“We now realize that our current risk assessments with respect to climate disruption are built on confidence in relative hydrologic stability that no longer exists. This changes everything. We had no idea until recently of how much influence the hydrological cycle has on our day to day lives or on the broader conditions that define the distribution and diversity of life on this planet," states Bob Sandford.
"Cathedral Thinking has been applied to space exploration, city planning, corporate mandates and other long-range goals that require decades of foresight and preparation so future generations can enjoy their full realization. They all require the same foundation: a far-reaching vision, a well thought-out blueprint, and a shared commitment to long-term implementation," states Rick Antonson.
“Implementation of asset management along with the associated evolution of local government thinking is a continuous quality improvement process, not a discrete task. This led us to the concept of a continuum. The relevance of this way of thinking is that different local governments will always be at different points and different levels of maturity along the asset management continuum," wrote Ray Fung (photo left) and Glen Brown in their Sitelines article.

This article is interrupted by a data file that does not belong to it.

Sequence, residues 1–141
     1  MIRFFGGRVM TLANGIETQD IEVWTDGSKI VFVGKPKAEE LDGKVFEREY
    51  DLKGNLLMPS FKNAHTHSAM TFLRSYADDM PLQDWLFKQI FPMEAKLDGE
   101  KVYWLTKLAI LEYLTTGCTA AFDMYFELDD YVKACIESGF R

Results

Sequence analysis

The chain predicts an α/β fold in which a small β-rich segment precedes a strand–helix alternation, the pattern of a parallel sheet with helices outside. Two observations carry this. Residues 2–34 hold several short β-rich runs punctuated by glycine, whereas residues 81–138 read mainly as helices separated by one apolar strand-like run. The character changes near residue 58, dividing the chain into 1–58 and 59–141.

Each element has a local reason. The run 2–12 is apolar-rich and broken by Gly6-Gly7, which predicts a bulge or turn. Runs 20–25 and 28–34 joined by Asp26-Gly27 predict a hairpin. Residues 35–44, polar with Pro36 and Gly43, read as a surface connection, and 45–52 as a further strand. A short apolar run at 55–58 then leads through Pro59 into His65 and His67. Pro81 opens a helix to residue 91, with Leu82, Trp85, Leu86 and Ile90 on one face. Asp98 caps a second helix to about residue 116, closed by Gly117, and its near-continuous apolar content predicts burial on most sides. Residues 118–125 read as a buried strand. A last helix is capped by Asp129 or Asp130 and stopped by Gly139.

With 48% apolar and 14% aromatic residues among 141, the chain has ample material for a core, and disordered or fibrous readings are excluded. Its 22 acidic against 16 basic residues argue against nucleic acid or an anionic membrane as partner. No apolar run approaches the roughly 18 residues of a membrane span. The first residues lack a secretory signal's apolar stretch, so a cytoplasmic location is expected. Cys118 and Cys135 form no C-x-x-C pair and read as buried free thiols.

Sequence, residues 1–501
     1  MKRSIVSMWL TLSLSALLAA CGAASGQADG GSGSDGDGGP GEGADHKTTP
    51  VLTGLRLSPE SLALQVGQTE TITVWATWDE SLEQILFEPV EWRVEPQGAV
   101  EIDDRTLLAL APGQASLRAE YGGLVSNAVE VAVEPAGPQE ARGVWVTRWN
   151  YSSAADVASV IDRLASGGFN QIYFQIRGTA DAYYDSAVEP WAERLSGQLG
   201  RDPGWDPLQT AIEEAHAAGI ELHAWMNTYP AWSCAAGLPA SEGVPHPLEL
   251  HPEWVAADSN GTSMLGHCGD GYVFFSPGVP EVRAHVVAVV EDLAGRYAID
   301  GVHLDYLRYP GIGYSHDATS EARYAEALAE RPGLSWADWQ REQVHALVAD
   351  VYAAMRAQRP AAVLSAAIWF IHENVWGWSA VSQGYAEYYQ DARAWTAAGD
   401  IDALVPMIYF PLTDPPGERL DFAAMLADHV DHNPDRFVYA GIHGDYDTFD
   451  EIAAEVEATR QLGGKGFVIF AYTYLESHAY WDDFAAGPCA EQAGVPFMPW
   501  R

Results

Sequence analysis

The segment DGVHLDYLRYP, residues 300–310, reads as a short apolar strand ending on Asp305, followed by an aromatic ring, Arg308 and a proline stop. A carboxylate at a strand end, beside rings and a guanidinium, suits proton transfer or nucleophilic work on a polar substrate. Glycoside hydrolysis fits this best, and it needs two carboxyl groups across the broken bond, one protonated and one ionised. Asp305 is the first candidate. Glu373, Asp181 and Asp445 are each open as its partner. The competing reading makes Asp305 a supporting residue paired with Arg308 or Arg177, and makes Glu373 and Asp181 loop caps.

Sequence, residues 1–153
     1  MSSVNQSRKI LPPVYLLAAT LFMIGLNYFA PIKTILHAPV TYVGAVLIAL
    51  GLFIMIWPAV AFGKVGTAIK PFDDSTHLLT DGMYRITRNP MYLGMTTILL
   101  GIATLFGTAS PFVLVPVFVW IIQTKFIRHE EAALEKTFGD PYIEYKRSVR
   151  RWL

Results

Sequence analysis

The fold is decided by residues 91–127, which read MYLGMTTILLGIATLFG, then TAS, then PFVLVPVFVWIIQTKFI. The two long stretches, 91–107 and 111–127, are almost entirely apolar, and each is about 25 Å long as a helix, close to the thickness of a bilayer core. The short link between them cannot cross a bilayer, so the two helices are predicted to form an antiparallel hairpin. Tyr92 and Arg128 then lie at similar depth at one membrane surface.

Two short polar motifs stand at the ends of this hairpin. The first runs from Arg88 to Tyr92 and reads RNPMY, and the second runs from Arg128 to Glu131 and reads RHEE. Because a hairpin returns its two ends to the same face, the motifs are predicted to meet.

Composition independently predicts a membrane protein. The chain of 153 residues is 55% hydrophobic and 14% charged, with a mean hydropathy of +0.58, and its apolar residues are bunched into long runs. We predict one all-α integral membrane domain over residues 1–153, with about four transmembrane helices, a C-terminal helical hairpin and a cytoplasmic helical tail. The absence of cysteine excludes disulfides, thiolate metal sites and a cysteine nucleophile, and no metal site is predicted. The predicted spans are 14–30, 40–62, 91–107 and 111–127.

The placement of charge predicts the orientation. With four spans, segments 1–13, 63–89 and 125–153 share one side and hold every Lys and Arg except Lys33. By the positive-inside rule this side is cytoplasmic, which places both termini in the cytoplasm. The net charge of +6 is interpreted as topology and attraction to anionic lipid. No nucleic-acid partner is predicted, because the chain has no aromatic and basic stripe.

If we get the hydrology right, water quality typically takes care of itself in a residential development. “When the goal of land servicing practices is pre-settlement hydrology, this reduces the quantity of urban runoff discharged into a stream. It also improves the quality of the remainder of that which is discharged. In short, mimicking the natural water balance has a dual benefit,” emphasized Richard Horner.
"Work needs to be done today to ensure we see a secure water future. Benefits are long-term," wrote Kim Stephens. "Successful programs that are politically supported would ensure we restore the water balance and have sustainable watershed systems. This approach has the potential to re-set the ecological baseline along the east coast of Vancouver Island and in the Lower Mainland. Success would be abundant salmon in urban streams."